Tax

  • April 24, 2024

    Crypto Mixer Execs Arrested Over $2B In Illicit Transactions

    New York federal prosecutors announced Wednesday that they have arrested the co-founders of crypto mixing service Samourai Wallet over their operation of a crypto service that authorities say executed over $2 billion in unlawful transactions.

  • April 24, 2024

    EU Court Won't Disturb Spanish Tax Break Rulings

    A Spanish company on Wednesday lost its attempt to legitimize a tax scheme declared illegal by the European Commission when the European Union's General Court rejected its appeal, refusing to disturb prior decisions in the long-running dispute.

  • April 24, 2024

    GOP Reps Seek IRS Nonprofit Info After China Reports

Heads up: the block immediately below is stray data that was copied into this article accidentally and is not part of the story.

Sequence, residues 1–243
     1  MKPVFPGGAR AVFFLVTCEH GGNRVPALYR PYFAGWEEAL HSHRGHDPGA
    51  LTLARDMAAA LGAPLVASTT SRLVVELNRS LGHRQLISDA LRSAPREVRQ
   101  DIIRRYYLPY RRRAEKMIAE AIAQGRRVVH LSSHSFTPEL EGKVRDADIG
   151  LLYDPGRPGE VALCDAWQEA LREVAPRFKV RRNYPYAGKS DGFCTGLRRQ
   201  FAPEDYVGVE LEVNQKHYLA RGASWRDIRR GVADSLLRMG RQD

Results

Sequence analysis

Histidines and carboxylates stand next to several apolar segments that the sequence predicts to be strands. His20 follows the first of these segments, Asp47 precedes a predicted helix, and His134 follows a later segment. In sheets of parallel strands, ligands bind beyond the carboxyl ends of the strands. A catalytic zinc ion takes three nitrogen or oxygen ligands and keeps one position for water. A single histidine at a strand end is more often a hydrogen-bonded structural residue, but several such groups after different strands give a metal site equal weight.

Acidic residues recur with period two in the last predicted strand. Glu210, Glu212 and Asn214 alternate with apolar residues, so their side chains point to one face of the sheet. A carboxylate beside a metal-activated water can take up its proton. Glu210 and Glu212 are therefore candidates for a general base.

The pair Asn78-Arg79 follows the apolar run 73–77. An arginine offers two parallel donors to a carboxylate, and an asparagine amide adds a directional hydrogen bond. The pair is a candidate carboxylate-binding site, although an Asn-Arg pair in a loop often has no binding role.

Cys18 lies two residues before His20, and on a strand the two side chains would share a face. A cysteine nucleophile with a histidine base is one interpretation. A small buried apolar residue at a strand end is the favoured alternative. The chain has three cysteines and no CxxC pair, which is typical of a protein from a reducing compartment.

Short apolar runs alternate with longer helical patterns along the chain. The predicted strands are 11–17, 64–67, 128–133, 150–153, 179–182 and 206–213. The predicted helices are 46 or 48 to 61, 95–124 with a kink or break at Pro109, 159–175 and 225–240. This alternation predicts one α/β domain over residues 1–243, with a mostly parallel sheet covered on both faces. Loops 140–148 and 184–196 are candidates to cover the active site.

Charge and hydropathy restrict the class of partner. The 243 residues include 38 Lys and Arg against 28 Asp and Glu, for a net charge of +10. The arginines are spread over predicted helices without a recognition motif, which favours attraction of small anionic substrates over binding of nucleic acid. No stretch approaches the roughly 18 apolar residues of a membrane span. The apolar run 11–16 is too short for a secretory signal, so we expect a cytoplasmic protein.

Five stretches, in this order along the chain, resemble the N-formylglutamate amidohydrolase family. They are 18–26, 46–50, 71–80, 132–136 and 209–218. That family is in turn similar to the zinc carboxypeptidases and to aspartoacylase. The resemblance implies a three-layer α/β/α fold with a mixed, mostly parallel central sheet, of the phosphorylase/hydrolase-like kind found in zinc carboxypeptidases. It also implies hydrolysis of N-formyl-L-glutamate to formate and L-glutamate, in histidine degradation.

House Ways and Means Republicans asked the Internal Revenue Service to provide information about how it monitors tax-exempt organizations for possible violations of their status after reports China may be funding and improperly influencing nonprofits, according to a letter sent Wednesday.

  • April 24, 2024

    Chancery Lets $344M Carlyle Tax-Payout Suit Move Ahead

    A vice chancellor of the Delaware Court of Chancery on Wednesday refused to toss most claims in a stockholder suit led by a Pittsburgh pension fund targeting a $344 million tax-asset buyout at The Carlyle Group Inc., though she did trim the suit by a single count.

  • April 24, 2024

    Mass. Golf Course Manager Gets 13 Months For Tax Fraud

    A Massachusetts golf course manager was sentenced to 13 months in prison after pleading guilty to tax charges, following prosecutors' accusations that he manipulated contracts with a home developer to deflate their value.